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September 2018 Verdicts and Settlements

Published by on September 18, 2018

Our summary of recent jury and EEOC verdicts and settlements for September 2018.

California: Alorica settles sexual harassment lawsuit for 3.5 million. Male and female customer service employees were allegedly subjected to harassment, including sexually hostile work environments by managers and coworkers. The EEOC claimed that human resources staff failed to address the harassment despite the repeated complaints by employees.

Alabama: Poultry supplier to pay $3.75 million to class of Hispanic workers for harassment, national origin and race bias suit. Koch Foods, a large poultry supplier, allegedly subjected individual plaintiffs and classes of Hispanic employee as well as female employees to a hostile work environment.

The allegations included that the supervisors touched and/or made sexually suggestive comments to female Hispanic employees and some were physically abused. A class of these employees were also subject to retaliation in the form of discharge and other adverse actions after they made complaints.

West Virginia: Las Trancas Restaurant to pay $66,598 to settle sexual harassments and retaliation lawsuit. The EEOC said that a restaurant in Martinsburg had two female employees subjected to egregious sexual harassment, sex discrimination and retaliation.

The restaurant allegedly subjected former employees, Raquel Ramirez Rivera and Virginia Sanchez Garcia to a hostile work environment because of their sex, including regular and repeated touching and grabbing, sexual comments and other offensive and threatening behaviors by male supervisors and coworkers. The EEOC claimed that Garcia was fired as a result of the harassment after refusing to submit to her supervisor’s advances.

Tennessee: Southeast Food Services/Wendy’s settles retaliation charge for $20,000. The large franchisee formerly operating Wendy’s Old Fashioned Hamburger restaurant, will pay to settle a retaliation charge made by a former employee.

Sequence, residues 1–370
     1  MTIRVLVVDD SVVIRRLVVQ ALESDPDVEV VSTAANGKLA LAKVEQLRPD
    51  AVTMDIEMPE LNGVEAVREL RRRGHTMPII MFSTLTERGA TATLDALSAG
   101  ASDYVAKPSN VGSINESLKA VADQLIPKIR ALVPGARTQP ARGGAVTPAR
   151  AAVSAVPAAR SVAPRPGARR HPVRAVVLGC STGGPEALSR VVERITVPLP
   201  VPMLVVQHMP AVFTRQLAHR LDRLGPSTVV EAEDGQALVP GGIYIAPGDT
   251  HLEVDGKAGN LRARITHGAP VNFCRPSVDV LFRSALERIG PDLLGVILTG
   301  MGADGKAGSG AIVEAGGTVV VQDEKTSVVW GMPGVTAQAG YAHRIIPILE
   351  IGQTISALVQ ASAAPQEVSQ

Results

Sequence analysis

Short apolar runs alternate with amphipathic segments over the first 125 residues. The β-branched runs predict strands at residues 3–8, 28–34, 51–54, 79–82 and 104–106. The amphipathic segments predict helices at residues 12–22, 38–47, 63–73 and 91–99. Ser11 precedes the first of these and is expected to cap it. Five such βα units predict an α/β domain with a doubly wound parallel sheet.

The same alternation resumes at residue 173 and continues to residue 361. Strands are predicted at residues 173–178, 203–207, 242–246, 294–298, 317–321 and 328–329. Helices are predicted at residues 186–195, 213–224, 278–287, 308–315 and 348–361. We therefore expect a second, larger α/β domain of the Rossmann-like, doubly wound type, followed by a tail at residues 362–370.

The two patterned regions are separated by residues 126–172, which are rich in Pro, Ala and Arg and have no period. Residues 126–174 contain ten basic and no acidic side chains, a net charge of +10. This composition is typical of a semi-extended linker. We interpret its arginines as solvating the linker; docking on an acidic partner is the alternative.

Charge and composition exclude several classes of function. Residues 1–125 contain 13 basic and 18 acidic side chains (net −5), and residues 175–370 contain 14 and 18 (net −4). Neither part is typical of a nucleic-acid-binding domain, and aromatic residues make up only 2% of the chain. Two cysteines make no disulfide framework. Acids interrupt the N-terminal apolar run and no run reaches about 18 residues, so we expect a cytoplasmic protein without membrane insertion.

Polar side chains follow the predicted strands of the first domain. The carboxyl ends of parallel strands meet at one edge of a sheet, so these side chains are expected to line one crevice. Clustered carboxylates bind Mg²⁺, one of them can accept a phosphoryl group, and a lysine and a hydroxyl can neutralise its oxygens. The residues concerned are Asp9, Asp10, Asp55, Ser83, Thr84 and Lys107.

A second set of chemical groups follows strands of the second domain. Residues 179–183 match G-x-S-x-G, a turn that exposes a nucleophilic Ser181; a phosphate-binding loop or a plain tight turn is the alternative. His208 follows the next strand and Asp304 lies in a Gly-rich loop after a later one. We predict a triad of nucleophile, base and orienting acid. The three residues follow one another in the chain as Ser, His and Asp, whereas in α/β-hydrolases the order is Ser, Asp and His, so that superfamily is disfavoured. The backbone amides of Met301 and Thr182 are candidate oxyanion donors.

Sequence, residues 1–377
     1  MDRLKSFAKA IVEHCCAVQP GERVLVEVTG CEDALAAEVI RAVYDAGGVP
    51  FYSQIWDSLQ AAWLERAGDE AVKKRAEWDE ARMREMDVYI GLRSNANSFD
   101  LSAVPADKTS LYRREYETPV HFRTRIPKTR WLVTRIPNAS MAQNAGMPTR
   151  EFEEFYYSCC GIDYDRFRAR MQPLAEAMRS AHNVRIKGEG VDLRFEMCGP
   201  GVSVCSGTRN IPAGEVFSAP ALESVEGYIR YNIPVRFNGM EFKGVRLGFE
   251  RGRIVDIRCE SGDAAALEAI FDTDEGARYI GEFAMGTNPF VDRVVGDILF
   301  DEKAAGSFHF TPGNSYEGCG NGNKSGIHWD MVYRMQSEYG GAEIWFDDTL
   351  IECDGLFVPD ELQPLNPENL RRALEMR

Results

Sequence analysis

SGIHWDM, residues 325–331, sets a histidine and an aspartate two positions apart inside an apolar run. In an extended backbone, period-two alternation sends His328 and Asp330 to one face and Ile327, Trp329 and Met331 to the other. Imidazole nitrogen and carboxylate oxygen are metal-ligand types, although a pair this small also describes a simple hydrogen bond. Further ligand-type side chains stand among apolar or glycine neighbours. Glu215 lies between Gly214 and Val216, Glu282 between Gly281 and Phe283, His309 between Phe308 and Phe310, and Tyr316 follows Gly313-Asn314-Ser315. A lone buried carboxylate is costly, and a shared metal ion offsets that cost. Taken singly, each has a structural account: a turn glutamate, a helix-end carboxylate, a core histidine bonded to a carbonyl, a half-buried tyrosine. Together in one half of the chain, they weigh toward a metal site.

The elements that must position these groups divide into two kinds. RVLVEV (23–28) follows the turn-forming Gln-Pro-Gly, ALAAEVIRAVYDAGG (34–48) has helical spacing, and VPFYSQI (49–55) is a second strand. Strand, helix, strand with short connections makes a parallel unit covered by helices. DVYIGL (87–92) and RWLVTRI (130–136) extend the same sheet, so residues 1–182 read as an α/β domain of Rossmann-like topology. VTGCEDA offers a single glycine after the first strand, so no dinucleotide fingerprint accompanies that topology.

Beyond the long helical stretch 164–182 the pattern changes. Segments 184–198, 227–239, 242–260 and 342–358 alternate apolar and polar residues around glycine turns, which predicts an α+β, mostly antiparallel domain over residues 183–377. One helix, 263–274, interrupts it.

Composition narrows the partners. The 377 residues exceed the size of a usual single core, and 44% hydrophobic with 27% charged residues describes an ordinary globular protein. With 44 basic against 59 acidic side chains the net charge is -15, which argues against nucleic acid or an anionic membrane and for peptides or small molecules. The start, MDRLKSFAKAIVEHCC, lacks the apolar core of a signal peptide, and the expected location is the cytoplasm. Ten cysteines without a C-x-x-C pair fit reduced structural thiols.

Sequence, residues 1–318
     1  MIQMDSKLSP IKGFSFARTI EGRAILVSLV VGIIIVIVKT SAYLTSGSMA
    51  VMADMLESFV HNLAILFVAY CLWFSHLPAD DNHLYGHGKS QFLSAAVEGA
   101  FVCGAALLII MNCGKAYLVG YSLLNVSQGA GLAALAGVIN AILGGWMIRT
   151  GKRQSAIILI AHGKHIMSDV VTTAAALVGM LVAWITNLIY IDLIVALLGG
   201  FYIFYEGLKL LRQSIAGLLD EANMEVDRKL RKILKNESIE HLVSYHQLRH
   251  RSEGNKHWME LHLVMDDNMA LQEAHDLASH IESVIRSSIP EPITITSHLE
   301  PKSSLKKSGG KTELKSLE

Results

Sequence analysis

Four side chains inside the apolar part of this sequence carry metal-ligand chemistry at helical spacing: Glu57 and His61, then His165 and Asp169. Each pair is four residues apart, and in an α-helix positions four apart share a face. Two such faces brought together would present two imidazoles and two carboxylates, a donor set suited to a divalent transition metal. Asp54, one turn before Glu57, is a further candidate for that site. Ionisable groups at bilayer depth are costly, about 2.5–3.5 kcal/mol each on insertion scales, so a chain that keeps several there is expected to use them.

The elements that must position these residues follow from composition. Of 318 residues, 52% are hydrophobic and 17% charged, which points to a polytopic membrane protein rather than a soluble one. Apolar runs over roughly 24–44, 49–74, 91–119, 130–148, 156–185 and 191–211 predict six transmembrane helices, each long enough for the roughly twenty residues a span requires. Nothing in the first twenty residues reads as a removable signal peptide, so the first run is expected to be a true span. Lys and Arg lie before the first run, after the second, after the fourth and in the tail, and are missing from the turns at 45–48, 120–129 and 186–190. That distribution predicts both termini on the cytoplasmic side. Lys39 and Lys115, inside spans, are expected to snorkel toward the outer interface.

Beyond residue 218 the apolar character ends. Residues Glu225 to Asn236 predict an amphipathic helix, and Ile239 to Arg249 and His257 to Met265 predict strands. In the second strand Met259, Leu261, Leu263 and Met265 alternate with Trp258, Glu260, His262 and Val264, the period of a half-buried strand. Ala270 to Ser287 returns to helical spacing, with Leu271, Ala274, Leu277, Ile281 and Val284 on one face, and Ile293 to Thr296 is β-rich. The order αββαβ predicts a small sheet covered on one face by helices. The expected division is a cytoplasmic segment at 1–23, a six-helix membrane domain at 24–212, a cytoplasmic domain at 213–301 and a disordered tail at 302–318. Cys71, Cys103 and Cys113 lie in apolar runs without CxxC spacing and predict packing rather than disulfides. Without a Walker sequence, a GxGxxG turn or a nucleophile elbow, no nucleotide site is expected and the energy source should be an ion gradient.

The EEOC alleged that the employer required employees to sign a general release to receive a promotion. One of the provisions in the release prohibited employees to exercise their right to discrimination complaints. Southeast Food agreed to enter into a one-year conciliation agreement to avoid the litigation costs and liability.

Texas: Murphy Oil USA, Inc. to pay $100,000 to settle disability discrimination and retaliation suit. The company was alleged to have fired a 10-year employee who had a back impairment, after asking for accommodation and required the employee to perform duties that violated work restrictions imposed by his physician. The company was also alleged to have fired the employee in retaliation after complaining to management about the failure to accommodate his medical restrictions.

Illinois: Home Depot to pay $100,000 to settle disability discrimination lawsuit. The Home Improvement retailer allegedly fired an employee who required a disability-related emergency break for leaving her post unattended.

Virginia: Massimo Zanetti Beverage to pay $65,000 to settle sex harassment and retaliation lawsuit. The company operates a roasting facility in Suffolk, where Latoya Young was a temporary worker. The temporary worker was allegedly discriminated against and subjected her to a sexually hostile work environment and fired for opposing the abuse.

Young was hired by a staffing agency to work at the Suffolk facility. According to the EEOC, around February 2015, a male co-worker began harassing Young. The harassment included requests for sex and sexual favors, as well as crude sexual comments and gestures. Young reported three times although the harassment continued. After the last report, Young was terminated.

Florida: Autonation-owned dealership to pay $150,000 to settle gender discrimination lawsuit. The dealership allegedly rejected a qualified employee due to her sex.

Jacquline de la Torre was hired in a clerical position to an assistant parts manager. She held the assistant-parts manager position for 10 years. According to the EEOC, when the manager position became vacant, she was not allowed to apply and, instead, hired a less qualified male which required de la Torre to train him. Upper management did acknowledge that she was the most qualified candidate, but told her the position needed a man.

Louisiana: Otto Candies to pay $165,000 to resolve disability discrimination suit. The Marine Transportation provider allegedly fired a deckhand because of his recurrent pancreatitis. The company took the position that the illness rendered him unable to perform the job.

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